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Walking in the path of Darwin and the turtles in the Galapagos
Media Organization:Boston Globe Online
Date of Publication:Thursday, May 20, 2010
By Patricia Jones | Read it on Boston.com
The Unitarian Universalist Service Committee recently took a delegation to Ecuador to learn about its new constitution, which includes the human right to water. As part of the trip, we visited communities in the Galapagos to see how they are managing the demands of a unique and diverse ecosystem, a world heritage site, and towns that depend upon the environment for their existence.
The beauty of the Galapagos archipelago is breathtaking, rising out of the ocean 600 miles off the coast of Ecuador. We walked in the footprints of giant marine turtles amid much of the same flora and fauna that inspired Charles Darwin's The Origin of Species, the book that developed and formed his theories of evolution.
The Galapagos are home to about 30,000 people, many of them Europeans and North Americans who have settled in this paradise. FUNDAR Galapagos organized our meetings with local governments and community leaders, as well as ecotourism activities. Working together, local business, community leaders, and government and environmental NGOs have developed a road map to ensure that the needs of international tourism and local residents don't overwhelm the ecosystem.
We met with Pollo, president of a fishing cooperative. To reduce their impact on the marine reserve, they've developed what they call "touristic artisanal fishing." They've reduced their catch and make up the lost income by retooling their boats and taking tourists to see the marine environment. They offer catch-and-release fishing and picnics on the beach. Our delegation was the first they'd hosted.
We also met with small farmers who are growing organic fruit and vegetables for local markets. Flora, president of the Santa Cruz small farmers association, is a widow with eight children who has sent them all to school with revenue from her small farm. She has begun to change her farm's production to organic produce to reduce the impact on the island's environment. But the market isn't there yet for organic produce, so it's been a hard sell to convince farmers and consumers to pay extra.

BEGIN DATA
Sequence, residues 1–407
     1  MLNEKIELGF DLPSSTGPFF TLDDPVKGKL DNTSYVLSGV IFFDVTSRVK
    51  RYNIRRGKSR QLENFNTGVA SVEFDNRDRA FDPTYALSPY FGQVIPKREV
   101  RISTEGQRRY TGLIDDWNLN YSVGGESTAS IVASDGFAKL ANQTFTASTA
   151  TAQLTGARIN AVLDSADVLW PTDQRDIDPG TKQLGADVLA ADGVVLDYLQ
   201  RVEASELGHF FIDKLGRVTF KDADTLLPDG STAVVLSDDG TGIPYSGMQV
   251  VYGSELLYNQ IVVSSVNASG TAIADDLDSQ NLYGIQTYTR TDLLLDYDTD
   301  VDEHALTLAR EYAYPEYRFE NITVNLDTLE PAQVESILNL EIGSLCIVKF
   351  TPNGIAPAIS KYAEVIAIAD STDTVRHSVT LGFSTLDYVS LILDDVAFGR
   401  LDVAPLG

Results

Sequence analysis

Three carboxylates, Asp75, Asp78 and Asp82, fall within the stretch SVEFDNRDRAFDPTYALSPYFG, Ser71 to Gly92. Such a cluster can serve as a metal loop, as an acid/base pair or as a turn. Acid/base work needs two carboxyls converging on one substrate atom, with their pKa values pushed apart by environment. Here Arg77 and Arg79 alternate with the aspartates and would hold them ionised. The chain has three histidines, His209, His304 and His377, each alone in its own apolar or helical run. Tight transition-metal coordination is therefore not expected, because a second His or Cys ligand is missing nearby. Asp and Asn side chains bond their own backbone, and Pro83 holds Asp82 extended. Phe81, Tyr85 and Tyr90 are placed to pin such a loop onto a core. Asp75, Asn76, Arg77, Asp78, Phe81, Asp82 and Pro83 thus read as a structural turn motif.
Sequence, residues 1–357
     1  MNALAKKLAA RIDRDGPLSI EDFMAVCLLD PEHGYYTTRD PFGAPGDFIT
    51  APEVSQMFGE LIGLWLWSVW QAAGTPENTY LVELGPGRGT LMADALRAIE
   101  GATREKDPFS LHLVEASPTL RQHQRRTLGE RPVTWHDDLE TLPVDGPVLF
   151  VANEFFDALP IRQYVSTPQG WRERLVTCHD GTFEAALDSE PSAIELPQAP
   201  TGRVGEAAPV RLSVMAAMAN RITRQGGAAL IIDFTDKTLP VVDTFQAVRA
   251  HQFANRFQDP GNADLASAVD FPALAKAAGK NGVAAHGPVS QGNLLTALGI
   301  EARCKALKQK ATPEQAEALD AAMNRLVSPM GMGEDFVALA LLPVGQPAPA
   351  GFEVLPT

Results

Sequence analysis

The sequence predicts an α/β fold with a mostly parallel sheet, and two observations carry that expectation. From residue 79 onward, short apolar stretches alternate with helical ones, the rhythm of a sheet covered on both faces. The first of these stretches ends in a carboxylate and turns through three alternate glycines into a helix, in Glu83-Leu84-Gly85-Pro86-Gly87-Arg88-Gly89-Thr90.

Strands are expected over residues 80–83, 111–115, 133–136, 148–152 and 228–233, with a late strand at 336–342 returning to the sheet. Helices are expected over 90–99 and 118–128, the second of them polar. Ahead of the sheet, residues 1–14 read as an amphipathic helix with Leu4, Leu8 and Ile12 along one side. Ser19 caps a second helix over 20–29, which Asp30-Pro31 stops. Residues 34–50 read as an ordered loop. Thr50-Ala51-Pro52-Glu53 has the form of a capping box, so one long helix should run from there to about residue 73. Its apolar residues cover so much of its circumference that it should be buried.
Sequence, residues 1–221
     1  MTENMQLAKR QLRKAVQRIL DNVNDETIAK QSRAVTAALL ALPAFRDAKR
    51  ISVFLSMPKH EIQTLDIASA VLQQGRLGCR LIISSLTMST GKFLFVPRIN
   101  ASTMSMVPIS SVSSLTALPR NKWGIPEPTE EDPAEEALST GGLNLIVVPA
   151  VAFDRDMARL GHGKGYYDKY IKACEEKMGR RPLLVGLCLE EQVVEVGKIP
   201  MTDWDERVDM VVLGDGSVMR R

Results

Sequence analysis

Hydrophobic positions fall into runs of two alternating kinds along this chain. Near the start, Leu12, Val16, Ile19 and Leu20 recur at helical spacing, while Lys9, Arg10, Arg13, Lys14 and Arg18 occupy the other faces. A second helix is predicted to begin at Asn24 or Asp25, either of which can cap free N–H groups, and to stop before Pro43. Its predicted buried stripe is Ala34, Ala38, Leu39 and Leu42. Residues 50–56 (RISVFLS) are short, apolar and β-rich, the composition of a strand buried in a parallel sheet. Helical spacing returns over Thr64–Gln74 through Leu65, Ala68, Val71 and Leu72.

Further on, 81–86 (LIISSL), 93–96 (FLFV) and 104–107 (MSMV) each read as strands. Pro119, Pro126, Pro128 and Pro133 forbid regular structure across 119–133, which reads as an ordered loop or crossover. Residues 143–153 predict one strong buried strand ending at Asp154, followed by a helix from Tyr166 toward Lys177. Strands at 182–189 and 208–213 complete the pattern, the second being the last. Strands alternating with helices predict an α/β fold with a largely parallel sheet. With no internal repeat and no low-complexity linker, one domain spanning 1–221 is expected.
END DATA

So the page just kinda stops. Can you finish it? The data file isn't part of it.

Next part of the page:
Traditionally, tourism in the Galapagos has been dominated by international and continental business, not local merchants. Tourists stay on the boats. They eat there. Flora and Pollo hope to change that.
Ecuador passed a new constitution in September 2008 that gives rights to Ecuador's ecosystem. Under Article 71, nature or "Pacha Mama," mother earth, "is entitled to respect for its existence and to the maintenance and regeneration of its vital cycles, structure, functions, and evolutionary processes."
In Ecuador, trees now have legal "standing" and any person can bring a claim to protect the rights of the environment. The marine iguanas we saw, the blue-footed boobies, and the entire diverse environment of Ecuador, from the Galapagos to the Amazon, have the potential to be protected in Ecuadoran courts.
U.S. law generally does not recognize the rights of nature but that may be changing. The town of Shapleigh, Maine, concerned about a water bottling plant, passed a town ordinance in 2009 that said, "natural communities and ecosystems [possess] inalienable and fundamental rights to exist, flourish, and naturally evolve within the town of Shapleigh." The ordinance also gave residents the human right to water (the right to access, use, and conserve water).
In the Galapagos, water is a real problem. Residents have to use brackish water — salt water mixed with fresh — for bathing. They are looking for new ways to harvest rainwater while maintaining the ecosystem. Taxi drivers are members of a cooperative that is conscious of the hazardous waste produced by maintenance of their vehicles.
As we were driven back to the ferry that would take us off the island, taxi drivers spoke with pride about their plans for their children and their love for the environment. Perhaps their new constitution, with its far-reaching safeguards, will pave the way.
Patricia Jones, of Boston, is the program manager for environmental justice of the Unitarian Universalist Service Committee, an international human-rights organization based in Cambridge. She recently led a delegation of environmental-justice activists to Ecuador and the offshore Galapagos Islands to explore the impact of the new national constitution and its guarantee of the human right to water.